- The potential Dec. 1 implementation of the Department of Labor's new overtime rule under the Fair Labor Standards Act (FLSA) had been opposed by employers and last month's injunction from a Texas judge was viewed with relief by many. Though what this could have meant, and may still mean, for companies in the waste and recycling industry remains somewhat unclear.
- Waste Management told Waste Dive that the rule would have affected less than 1% of its workforce and the ruling will "not have a material impact on our business." Other companies of varying sizes either declined to comment or did not respond to requests for comment.
- The National Waste & Recycling Association (NWRA) had been working to oppose the rule and plans to continue that approach depending on what happens next. While the Obama administration has appealed this decision, the rule's fate is uncertain under President-elect Donald Trump.
The proposed threshold of $47,476 for salaried employees to be eligible for overtime lands in between many titles within the waste industry. The majority of front-line employees working on collection routes or in processing facilities are paid on an hourly basis. Based on conversations with labor and industry sources this would mainly have affected employees in administrative roles. While larger companies may have more eligible employees, some smaller companies may have been less equipped to deal with the change, though exact figures are unknown.
David Biderman, CEO of the Solid Waste Association of North America, said he received very few calls from individual members about this prior to the November injunction.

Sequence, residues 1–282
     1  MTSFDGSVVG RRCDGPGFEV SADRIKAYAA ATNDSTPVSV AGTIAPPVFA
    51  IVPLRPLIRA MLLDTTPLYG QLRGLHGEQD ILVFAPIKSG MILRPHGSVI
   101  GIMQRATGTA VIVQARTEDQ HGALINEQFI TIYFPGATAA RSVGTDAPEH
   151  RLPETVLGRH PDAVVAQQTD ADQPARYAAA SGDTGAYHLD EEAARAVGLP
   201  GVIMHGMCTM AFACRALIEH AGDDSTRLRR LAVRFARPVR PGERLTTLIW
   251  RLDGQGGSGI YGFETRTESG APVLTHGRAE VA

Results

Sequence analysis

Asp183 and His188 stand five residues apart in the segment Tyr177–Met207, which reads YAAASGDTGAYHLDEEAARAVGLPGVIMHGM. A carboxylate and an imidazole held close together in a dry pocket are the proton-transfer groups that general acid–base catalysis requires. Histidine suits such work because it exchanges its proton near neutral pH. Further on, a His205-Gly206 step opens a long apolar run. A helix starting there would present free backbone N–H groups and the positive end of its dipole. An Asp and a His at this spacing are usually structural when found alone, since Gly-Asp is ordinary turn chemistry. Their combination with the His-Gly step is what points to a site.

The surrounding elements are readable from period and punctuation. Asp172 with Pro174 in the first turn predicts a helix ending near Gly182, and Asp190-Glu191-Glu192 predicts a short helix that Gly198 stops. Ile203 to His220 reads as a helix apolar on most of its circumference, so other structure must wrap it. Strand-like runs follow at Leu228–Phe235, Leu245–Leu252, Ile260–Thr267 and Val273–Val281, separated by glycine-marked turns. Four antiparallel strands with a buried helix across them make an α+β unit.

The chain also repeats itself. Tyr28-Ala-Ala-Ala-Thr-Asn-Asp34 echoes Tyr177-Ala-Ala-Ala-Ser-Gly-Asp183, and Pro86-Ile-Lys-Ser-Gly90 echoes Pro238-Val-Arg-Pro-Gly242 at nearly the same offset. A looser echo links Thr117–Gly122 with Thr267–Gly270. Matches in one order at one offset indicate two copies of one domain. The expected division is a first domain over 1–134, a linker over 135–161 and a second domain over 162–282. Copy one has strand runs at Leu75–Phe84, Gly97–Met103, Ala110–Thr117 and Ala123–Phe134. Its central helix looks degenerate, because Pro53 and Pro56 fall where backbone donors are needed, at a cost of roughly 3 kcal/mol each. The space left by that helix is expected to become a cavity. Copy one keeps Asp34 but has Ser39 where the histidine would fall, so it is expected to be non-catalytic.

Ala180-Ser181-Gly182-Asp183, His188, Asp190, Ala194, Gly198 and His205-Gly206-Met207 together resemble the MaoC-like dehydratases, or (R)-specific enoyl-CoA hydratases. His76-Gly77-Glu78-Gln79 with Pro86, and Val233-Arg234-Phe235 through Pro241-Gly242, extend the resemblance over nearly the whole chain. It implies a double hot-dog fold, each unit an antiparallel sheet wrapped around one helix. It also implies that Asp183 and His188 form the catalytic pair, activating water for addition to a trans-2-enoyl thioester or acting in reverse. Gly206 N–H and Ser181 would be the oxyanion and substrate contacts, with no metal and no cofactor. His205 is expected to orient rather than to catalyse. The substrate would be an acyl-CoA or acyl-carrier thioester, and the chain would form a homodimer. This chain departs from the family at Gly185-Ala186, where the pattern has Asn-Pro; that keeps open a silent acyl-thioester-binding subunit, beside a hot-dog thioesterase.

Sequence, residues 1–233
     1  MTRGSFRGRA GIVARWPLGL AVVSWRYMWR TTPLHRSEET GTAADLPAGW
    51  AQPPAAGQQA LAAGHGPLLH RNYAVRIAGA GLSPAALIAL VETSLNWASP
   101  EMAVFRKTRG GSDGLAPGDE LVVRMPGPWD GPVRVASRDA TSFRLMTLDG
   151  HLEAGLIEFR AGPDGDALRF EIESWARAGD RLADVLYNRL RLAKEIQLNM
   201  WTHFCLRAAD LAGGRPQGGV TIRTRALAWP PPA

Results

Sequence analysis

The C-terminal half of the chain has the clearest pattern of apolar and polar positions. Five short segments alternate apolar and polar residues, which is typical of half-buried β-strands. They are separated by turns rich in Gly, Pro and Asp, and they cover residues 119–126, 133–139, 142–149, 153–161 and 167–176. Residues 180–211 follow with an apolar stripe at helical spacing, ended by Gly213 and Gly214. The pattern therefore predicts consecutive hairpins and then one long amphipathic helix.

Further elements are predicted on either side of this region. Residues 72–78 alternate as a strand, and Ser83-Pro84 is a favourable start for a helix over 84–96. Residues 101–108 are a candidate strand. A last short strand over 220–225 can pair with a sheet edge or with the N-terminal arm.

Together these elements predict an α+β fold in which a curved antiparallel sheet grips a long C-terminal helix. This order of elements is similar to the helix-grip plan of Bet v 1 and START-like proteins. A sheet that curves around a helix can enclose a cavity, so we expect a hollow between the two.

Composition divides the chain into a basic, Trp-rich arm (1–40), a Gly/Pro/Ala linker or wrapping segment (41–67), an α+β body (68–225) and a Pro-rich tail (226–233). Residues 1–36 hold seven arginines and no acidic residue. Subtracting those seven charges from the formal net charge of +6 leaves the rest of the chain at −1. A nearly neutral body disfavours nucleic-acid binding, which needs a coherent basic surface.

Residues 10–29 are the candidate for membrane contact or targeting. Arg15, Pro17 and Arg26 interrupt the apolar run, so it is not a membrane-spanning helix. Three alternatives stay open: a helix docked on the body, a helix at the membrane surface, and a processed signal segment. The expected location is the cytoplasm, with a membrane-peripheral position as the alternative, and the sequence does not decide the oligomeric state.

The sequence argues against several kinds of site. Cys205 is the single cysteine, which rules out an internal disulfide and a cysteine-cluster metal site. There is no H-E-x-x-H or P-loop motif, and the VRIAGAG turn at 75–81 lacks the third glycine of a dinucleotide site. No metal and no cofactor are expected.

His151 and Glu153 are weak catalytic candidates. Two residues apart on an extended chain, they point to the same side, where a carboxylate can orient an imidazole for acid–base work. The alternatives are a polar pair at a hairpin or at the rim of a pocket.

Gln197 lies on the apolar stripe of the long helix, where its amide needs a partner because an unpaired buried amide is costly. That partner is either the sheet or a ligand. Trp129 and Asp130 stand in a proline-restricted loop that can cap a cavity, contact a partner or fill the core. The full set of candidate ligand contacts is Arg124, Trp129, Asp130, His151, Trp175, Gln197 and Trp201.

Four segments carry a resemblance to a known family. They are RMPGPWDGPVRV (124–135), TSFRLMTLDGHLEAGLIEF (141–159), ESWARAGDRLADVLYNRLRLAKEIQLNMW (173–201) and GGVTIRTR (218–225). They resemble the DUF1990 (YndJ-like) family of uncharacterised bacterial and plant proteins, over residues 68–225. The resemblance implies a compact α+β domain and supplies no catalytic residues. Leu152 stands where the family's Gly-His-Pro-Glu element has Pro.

“It was not my sense that this was a high profile concern for people in the waste industry before the rule was invalidated by the court in Texas," he said. "For most people in the waste industry this is not a big deal."
The NWRA on the other hand has made this one of their top legislative priorities in 2016. Kevin Kraushaar, acting president of the association, said the salary threshold increase was widely viewed as too quick.
"The associate community here in the district has weighed in heavily in opposition to the rule," he said. “We will continue to lobby in opposition to the way that the rule came out."
Kraushaar pointed to a bill, H.R. 5813, introduced by Rep. Kurt Schrader (D-OR) that would increase the salary requirements in multiple stages as the type of compromise that could happen next year. Another option is that Trump could direct the Department of Labor to withdraw its appeal if a decision hasn't been made before he takes office. Until similar legislation or new guidance from the incoming Trump administration comes out, Kraushaar recommends that companies wait and see.
"My advice is for companies to hold back and to not put in place anything new or different," Kraushaar said. "We should take a look at the court’s opinion but let’s wait until the Department of Labor indicates what it wants to do before we move forward."